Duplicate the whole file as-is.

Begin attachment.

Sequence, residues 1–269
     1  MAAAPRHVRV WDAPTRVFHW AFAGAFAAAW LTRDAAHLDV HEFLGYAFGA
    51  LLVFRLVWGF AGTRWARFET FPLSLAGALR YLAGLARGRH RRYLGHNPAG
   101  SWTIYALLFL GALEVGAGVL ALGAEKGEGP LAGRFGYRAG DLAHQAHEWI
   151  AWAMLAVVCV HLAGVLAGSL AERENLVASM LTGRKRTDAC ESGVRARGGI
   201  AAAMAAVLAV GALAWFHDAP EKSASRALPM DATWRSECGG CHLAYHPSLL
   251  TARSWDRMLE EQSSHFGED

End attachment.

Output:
Sequence, residues 1–269
     1  MAAAPRHVRV WDAPTRVFHW AFAGAFAAAW LTRDAAHLDV HEFLGYAFGA
    51  LLVFRLVWGF AGTRWARFET FPLSLAGALR YLAGLARGRH RRYLGHNPAG
   101  SWTIYALLFL GALEVGAGVL ALGAEKGEGP LAGRFGYRAG DLAHQAHEWI
   151  AWAMLAVVCV HLAGVLAGSL AERENLVASM LTGRKRTDAC ESGVRARGGI
   201  AAAMAAVLAV GALAWFHDAP EKSASRALPM DATWRSECGG CHLAYHPSLL
   251  TARSWDRMLE EQSSHFGED